Antibiotic-resistant bacteria have been haunting the halls of hospitals for years, but unless you were in a health care setting, you didn’t have to worry too much about coming in contact with superbugs. But that could all change – researchers just discovered antibiotic-resistant bacteria in a food product for the first time ever, meaning that the risk of coming in contact with the pathogens could be rising.

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Researchers in Canada found antibiotic-resistant bacteria in raw squid, according to a report published this week. If food-borne superbugs become common, they could present a threat to the average consumer. The discovery is particularly disturbing because if the bacteria get into your body, they could share the antibiotic-resistant gene with other bacteria and spread.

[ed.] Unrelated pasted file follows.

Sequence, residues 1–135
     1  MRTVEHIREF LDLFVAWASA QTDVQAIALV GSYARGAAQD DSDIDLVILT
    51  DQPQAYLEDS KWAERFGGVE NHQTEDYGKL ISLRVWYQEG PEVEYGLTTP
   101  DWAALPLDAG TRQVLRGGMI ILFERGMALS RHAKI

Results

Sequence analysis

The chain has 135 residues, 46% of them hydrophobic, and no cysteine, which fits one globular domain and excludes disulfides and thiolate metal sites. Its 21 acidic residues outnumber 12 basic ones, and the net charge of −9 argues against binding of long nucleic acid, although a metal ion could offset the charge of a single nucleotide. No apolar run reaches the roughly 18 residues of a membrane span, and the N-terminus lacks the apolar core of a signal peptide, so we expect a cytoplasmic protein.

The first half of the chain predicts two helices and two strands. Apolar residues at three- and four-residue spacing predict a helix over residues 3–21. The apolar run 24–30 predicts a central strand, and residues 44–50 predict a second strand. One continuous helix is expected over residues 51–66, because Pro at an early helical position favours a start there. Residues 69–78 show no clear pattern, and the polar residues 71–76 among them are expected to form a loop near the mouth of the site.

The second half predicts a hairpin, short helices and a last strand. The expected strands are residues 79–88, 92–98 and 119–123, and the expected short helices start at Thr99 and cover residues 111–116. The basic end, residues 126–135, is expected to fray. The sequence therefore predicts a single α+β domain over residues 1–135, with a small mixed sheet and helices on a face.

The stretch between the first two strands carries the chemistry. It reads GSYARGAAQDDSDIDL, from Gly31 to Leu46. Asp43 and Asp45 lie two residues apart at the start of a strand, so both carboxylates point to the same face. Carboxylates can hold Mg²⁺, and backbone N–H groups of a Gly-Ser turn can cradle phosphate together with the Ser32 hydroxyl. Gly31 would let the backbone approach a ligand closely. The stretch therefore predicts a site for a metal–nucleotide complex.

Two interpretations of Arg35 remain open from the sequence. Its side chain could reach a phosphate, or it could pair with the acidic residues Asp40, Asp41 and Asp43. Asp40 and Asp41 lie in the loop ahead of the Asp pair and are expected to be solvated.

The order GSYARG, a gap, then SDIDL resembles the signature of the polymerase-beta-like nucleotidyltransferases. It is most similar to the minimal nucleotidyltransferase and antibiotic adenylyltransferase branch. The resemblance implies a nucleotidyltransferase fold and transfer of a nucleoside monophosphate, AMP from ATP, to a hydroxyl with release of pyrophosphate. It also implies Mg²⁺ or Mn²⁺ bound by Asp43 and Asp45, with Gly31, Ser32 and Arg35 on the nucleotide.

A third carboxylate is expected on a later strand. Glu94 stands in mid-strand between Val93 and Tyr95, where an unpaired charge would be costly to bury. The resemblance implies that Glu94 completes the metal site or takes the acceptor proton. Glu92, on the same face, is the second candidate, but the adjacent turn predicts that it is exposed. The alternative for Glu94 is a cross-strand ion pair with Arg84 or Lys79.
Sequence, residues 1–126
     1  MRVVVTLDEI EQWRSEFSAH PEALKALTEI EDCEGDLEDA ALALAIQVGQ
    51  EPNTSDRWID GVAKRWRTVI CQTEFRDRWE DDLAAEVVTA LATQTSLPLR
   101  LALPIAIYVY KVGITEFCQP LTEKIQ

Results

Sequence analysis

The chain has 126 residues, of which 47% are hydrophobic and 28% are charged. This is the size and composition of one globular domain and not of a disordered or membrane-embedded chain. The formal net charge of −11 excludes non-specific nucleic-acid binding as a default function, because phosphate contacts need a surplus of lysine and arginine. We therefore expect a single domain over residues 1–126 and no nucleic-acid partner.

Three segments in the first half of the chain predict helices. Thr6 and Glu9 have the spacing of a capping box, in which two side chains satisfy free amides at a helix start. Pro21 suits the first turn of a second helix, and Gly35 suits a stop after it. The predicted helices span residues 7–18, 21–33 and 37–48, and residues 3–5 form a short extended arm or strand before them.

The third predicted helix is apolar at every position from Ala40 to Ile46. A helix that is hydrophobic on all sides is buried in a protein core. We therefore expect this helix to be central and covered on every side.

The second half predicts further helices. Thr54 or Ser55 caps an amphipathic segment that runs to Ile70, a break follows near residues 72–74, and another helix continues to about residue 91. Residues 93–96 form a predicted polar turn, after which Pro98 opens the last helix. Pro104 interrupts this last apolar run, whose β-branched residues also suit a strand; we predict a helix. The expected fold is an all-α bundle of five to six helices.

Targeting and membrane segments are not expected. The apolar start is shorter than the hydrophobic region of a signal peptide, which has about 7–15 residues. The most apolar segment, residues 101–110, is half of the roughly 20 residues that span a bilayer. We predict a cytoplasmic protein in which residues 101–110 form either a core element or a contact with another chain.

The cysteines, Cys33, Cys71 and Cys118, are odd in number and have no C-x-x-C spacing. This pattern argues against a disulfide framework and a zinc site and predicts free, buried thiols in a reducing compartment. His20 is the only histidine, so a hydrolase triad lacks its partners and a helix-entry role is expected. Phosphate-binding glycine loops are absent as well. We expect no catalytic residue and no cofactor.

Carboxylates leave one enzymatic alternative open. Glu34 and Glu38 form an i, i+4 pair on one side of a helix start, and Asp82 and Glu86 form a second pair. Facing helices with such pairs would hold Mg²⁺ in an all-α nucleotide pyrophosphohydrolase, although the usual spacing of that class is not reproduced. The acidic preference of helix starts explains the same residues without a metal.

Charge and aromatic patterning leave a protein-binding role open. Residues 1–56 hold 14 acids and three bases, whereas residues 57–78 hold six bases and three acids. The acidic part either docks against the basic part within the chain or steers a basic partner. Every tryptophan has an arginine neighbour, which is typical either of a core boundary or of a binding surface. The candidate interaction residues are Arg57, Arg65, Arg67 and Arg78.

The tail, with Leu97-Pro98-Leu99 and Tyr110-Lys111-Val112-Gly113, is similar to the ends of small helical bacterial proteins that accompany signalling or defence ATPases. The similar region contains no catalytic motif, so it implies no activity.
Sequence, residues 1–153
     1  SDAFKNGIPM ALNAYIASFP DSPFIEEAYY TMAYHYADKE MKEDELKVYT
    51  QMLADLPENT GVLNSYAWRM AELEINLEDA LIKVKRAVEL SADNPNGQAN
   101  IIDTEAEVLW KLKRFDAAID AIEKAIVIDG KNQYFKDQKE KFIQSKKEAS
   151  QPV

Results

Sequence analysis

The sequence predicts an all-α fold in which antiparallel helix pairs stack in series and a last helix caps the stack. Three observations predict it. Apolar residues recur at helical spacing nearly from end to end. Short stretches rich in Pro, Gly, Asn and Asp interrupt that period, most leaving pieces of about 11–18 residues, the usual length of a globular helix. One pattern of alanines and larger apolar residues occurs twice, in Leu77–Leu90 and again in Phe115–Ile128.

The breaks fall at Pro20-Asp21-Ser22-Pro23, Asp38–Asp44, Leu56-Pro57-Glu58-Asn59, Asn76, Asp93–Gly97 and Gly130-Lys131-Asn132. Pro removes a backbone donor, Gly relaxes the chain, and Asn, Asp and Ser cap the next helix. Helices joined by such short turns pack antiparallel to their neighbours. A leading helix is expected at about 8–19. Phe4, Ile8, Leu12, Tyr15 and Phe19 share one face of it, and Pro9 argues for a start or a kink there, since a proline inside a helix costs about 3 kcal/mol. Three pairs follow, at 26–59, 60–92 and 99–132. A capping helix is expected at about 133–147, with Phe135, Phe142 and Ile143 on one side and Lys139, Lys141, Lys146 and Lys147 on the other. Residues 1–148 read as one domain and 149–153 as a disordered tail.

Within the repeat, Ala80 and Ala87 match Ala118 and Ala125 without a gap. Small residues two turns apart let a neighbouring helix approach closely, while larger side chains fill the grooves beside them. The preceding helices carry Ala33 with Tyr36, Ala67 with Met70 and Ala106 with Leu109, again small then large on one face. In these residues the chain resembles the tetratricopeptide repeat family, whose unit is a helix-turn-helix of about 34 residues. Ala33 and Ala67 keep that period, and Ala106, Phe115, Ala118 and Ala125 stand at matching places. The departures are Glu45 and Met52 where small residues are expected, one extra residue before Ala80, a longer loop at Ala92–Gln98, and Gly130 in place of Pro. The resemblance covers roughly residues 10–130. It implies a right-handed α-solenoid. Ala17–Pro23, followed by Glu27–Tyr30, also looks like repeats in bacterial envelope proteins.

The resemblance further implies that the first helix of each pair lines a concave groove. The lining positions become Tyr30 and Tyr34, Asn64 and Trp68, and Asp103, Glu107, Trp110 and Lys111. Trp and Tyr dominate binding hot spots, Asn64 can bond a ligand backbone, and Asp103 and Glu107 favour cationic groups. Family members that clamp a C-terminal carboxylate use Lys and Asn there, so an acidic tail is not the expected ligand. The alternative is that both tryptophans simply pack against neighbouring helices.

Related: Minnesota is the First State to Ban the Anti-Bacterial Chemical Triclosan

Scientists caution that the bacteria found in the squid wouldn’t make a healthy person sick, and fully cooking food kills the bacteria. The real danger is the spread of antibiotic resistance. Although drug-resistance monitoring programs are in place in the US and Canada for poultry, beef and pork, there is no monitoring of niche-market meats or imported seafood.

Experts warn that of the rising threat of antibiotic-resistant bacteria, which are resistant to even last-resort antibiotics like carbapenems. If we lose our ability to fight bacteria with our strongest line of defense, we could face completely untreatable infections in the future.

Via the Washington Post

Lead image via Shutterstock, image via Brian Suda